​In a recent verdict (subsequently overturned in part by the Israel Supreme Court), an Israeli Court found that in the early 1980's Israeli banks, representing 95 percent of commercial banking, were guilty of providing shareholders with fraudulent guarantees that share prices would rise indefinitely, that they harmed banking stability and caused the government to take-over the banks. We use high frequency price data to identify whether a guarantee was, indeed, provided.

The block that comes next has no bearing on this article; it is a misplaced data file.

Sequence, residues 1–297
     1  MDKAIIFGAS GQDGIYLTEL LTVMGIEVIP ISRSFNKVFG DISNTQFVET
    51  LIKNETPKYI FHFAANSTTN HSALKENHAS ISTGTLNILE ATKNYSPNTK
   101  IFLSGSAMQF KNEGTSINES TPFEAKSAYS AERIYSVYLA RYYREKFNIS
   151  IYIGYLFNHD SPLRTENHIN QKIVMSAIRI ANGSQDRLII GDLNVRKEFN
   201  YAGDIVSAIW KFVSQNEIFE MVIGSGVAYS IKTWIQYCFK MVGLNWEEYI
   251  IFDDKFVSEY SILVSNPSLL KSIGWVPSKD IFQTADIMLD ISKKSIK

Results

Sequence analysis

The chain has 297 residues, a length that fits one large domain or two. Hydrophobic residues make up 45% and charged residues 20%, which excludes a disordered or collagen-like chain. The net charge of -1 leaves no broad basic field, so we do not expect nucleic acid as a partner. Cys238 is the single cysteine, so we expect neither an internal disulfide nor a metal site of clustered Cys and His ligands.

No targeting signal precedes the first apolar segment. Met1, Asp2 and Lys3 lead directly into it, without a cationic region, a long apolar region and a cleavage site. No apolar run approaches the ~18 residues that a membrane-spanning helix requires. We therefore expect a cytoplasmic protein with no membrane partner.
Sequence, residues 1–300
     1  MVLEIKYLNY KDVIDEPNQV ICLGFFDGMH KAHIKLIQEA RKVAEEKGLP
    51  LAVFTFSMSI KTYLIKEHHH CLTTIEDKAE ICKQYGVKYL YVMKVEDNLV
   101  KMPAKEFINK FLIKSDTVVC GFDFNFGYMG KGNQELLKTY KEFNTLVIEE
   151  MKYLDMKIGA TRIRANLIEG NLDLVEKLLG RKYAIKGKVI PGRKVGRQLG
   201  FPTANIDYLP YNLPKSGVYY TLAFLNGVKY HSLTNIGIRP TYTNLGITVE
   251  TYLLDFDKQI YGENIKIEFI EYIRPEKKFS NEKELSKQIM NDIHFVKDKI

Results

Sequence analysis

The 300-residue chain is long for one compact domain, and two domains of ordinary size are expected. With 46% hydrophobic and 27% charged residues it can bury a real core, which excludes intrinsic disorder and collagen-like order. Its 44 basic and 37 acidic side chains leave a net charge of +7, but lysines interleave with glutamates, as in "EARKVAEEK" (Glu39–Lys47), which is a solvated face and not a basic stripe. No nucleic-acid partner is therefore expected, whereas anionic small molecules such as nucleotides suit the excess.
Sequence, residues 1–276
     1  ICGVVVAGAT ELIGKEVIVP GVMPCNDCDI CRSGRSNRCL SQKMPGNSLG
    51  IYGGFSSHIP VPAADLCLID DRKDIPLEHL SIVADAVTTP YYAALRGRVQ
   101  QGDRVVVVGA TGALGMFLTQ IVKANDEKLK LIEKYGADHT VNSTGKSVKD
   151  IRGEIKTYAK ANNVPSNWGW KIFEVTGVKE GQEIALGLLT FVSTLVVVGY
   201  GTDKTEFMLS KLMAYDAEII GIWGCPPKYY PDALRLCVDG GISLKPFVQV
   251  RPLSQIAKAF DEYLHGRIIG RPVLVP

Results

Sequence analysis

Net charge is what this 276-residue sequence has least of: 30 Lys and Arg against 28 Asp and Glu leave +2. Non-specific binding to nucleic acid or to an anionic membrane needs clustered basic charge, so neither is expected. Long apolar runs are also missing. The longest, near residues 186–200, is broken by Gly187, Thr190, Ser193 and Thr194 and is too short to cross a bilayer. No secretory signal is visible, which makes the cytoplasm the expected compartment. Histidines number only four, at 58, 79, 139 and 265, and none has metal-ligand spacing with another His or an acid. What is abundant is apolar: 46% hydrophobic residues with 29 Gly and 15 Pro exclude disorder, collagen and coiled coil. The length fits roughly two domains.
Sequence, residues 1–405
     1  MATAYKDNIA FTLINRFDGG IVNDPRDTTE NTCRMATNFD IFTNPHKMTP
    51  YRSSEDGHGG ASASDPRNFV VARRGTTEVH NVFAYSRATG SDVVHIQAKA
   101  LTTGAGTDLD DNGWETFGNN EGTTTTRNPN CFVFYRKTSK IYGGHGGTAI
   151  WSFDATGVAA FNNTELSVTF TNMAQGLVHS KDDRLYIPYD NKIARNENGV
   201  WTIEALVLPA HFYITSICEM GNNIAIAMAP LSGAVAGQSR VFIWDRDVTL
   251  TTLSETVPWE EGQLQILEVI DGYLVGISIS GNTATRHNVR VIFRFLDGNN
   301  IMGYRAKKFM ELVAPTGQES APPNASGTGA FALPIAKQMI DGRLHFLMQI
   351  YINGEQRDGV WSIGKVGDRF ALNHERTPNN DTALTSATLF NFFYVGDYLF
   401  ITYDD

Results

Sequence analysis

We also compare 1993 bank share prices after the banks were partially re-listed with 1983 pre-crisis prices. The figures indicate that 1993 time-adjusted market values were $10 billion lower than in 1983, a decline borne by two groups of shareholders: pre-crisis shareholders ($4 billion) and the government which became the sole shareholder in 1983 ($6 billion).

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